Phil: That's awesome. Let's definitely dive deeper later on the show about culture and brand. I think that it's pretty cool what you guys are doing there. Tell me a little bit about the story behind Bonjoro. How everything got started.
Matthew: A little bit different to a lot of startups. We actually launched Bonjoro out of another company that we had, where we had a small agency and that agency dealt with large enterprise clients and large FMCG clients, very much a sales lead process. Now, we were actually based in Australia, but all of our clients were US, UK, and France because that's where those industries were. We never really met clients face to face as a first interaction. We had leads coming in, but we were trying to convert them on email when so much of how we sold was us and our enthusiasm, and our creativity.
We experimented with different ways to contact people and we started recording videos for every single lead that we had that would come in. I used to take a boat to work. I would do them on a ferry going past the Opera House in Sydney, which is quite iconic, and I would just get on the video and say, "Hey, James, I saw you sign up for Heineken. We've worked with Budweiser, we've worked with Coors. This is what we've done. I'm not based in the States, but I'll be over there in six weeks' time, but let us come in and talk to you."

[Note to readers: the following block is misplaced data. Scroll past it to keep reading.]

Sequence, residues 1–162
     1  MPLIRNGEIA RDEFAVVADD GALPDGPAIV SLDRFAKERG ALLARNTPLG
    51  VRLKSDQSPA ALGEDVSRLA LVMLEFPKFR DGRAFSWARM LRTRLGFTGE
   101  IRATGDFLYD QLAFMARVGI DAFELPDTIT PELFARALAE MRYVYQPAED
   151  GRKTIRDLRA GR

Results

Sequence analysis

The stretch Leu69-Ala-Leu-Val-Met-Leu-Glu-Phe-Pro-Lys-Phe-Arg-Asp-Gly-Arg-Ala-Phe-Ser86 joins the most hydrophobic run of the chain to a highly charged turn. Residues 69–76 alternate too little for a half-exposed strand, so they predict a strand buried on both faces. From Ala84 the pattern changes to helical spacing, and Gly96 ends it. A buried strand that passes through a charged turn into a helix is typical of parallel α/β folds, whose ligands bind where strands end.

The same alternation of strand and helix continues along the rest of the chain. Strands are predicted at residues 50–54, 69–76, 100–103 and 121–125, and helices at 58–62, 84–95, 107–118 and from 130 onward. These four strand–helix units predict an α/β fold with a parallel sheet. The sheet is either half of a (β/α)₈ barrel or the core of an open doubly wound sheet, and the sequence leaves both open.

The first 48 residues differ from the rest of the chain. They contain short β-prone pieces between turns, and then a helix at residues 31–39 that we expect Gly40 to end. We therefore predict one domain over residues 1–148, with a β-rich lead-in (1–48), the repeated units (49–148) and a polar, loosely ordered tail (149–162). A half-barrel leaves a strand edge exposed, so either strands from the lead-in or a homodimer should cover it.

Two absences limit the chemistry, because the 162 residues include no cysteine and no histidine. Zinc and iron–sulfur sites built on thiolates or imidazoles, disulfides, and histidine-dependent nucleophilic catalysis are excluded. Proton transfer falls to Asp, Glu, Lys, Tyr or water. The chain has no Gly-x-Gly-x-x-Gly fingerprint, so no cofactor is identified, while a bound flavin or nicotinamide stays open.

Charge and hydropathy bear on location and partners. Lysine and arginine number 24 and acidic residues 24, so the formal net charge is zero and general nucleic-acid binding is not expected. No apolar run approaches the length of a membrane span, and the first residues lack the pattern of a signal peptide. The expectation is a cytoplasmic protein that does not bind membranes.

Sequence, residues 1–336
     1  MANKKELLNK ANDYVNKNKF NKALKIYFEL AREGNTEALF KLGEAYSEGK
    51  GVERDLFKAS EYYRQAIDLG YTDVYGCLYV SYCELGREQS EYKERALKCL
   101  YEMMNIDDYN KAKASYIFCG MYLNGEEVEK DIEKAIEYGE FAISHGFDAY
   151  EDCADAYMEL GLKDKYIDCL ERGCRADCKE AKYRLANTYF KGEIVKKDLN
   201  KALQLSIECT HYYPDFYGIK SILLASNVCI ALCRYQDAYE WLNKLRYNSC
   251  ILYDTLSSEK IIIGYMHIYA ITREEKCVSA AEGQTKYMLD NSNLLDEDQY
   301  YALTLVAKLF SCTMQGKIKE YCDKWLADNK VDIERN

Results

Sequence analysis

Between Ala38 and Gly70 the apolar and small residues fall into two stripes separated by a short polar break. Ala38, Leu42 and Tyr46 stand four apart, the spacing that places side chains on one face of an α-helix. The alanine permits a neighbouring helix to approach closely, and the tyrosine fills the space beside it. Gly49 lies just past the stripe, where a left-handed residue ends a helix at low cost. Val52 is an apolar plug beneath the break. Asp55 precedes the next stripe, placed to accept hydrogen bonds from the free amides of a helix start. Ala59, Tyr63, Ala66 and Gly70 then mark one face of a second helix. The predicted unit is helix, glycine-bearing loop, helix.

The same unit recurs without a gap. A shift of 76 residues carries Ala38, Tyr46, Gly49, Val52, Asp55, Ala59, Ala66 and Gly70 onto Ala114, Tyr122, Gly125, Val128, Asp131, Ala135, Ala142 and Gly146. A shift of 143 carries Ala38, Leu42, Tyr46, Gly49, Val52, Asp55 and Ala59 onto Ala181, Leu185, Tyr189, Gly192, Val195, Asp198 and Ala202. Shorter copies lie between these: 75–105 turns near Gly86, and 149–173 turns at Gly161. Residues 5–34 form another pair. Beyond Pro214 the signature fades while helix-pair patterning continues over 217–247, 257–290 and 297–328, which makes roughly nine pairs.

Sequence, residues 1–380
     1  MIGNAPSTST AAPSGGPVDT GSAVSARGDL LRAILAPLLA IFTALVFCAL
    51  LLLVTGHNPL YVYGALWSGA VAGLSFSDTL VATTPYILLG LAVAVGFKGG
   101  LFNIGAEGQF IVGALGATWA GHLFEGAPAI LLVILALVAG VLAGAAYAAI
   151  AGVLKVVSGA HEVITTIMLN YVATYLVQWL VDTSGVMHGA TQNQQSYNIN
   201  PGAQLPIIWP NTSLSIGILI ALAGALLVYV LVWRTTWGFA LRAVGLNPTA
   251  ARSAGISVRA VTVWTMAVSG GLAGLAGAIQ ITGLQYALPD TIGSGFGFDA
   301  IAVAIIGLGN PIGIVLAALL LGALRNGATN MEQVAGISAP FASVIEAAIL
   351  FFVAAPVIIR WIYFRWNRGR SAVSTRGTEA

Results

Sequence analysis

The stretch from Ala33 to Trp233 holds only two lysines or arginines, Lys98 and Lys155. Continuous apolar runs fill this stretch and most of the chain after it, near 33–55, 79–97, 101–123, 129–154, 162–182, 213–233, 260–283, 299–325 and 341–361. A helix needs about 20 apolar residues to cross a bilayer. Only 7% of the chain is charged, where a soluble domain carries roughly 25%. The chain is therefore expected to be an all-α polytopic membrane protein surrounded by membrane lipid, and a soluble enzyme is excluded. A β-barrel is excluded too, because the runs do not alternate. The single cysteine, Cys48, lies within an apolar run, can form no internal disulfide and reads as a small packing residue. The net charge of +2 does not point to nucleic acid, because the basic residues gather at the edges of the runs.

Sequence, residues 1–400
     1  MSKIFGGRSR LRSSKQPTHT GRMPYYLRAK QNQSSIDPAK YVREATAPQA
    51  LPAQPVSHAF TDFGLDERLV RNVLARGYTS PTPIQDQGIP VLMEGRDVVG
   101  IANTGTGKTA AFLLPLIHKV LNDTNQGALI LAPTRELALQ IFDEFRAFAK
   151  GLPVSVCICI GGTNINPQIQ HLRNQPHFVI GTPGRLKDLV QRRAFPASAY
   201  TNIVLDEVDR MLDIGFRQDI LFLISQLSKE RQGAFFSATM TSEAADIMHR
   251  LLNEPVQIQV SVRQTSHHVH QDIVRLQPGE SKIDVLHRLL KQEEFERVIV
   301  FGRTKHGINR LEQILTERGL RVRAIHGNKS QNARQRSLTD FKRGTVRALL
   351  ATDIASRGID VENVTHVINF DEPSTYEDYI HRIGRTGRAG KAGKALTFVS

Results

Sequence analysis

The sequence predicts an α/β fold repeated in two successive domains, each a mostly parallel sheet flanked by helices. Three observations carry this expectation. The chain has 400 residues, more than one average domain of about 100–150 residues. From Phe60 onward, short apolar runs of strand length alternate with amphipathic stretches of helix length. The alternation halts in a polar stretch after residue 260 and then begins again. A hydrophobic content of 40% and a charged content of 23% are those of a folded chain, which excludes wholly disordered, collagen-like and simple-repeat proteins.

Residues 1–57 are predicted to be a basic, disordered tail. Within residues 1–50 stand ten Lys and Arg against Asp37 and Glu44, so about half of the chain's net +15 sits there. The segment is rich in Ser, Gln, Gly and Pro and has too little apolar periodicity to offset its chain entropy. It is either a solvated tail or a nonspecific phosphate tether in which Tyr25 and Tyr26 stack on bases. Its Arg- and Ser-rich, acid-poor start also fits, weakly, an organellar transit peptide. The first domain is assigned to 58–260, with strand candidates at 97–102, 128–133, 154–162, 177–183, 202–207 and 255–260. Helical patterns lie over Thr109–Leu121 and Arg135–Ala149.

The first coms they would ever get would be this video and we would record these on a phone, download them, upload them to a server, put them into an email. It's very manual, but that's supposed to be the first coms they ever got and we tripled our conversion rates overnight because everyone would get this video and then would go, "This is awesome. I'm glad that you took the time. Absolutely come in and see us." Then we'd go in and you walk in and everyone's like, "You're the guy on the boat, on the video." All I did was just basically start that conversation which led us to be able to sell better.
A long story short, a few of those clients asked us at the end of meetings, "What's that video email thing you did? Can we use it?" We spent a weekend with a few beers and pizza, putting a MVP together, a minimum viable product. We put this clients on, they started using it. Their customers who they sent it to also started signing up. We put a paywall down, we got some money, and the rest is history.